Etiquette was a French word for a note attached to something that listed its contents. It was borrowed into English as ticket and into Spanish as etiqueta, where it came to be associated with the listed rules of protocol for the Spanish royal court. It then came back into French and English with the social protocol meaning.

6. Costume/Custom

Both come from Latin consuetudinem, meaning "accustomed to," or "habituated." Both referred to the general habits of a group, including how they dress, among other things. Costume wasn’t explicitly connected to just the dress sense until the 1800s.

7. Species/Spices

Both come from Latin specie, for "appearance" or "form." Spice came into English first, from Old French espice. Species was later borrowed directly from Latin.

8. Reward/Regard

In Anglo-Norman, reward and regard were alternate pronunciations of the same thing. While the g version took on the senses of "to look at," "give attention to," and also "to merit, esteem, or respect," the w version settled into the current sense of giving something on merit.

9. Dainty/Dignity

The Latin word dignus meant "worthy." While dignity refers to a sense of "worthy" that includes serious notions of honor, respect, and rank, in dainty, dignus lives on in the sense of being worthy for being delightful, precious, and pleasing.

10. Naïve/Native

Both come from Latin nativus, meaning innate, natural. Naïve is "natural" in the sense of being unspoiled and native is an innate belonging to an origin.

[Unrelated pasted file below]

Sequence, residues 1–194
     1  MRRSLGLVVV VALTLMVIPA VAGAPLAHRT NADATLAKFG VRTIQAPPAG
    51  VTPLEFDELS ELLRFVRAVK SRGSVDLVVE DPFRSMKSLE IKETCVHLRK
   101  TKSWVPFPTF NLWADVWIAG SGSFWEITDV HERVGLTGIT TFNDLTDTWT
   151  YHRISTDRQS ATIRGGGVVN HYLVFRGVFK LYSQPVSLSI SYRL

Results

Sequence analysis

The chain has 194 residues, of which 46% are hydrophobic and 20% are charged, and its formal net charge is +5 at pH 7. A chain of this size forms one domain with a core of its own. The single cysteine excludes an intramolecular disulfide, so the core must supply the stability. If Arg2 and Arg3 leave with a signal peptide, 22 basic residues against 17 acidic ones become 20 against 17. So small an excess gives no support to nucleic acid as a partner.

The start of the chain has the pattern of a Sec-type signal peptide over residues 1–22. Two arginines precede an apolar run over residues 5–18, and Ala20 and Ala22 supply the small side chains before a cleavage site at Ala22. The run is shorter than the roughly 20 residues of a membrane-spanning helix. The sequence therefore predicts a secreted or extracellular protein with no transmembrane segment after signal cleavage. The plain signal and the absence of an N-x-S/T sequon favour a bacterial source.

11. Shirt/Skirt

The ancestor of the Old English scyrte developed into a word for the upper part of an undergarment in many Germanic languages, but it’s not entirely clear how it also developed into the skirt word for a lower garment in English.

12. Tradition/Treason

Tradition is from the Latin tradere, for the act of handing over or handing down. Treason also comes from tradere, with the sense of handing over or delivering. The tray in betray also goes back to this sense of tradere.

13. Tulip/Turban

Both are approximations of the Persian word for turban, dulband, which a tulip was said to resemble.

14. Maneuver/Manure

Maneuver comes from the Latin manu + operari, to work by hand. But so does manure, which was originally a verb meaning to "till the land."

15. Grammar/Glamour

Grammar goes all the way back to Latin and Greek, where it referred to all aspects of the study of literature. In the Middle Ages, it came to be associated with just the linguistic parts, and particularly with the study of Latin. The fancy, educated class studied Latin, and also things like magic and astrology, so the word grammar sometimes referred to that aspect too. A mispronounced version, glamour, went on to stand for the magical, enchanting quality we use it for today.

This list was first published in 2015 and republished in 2019.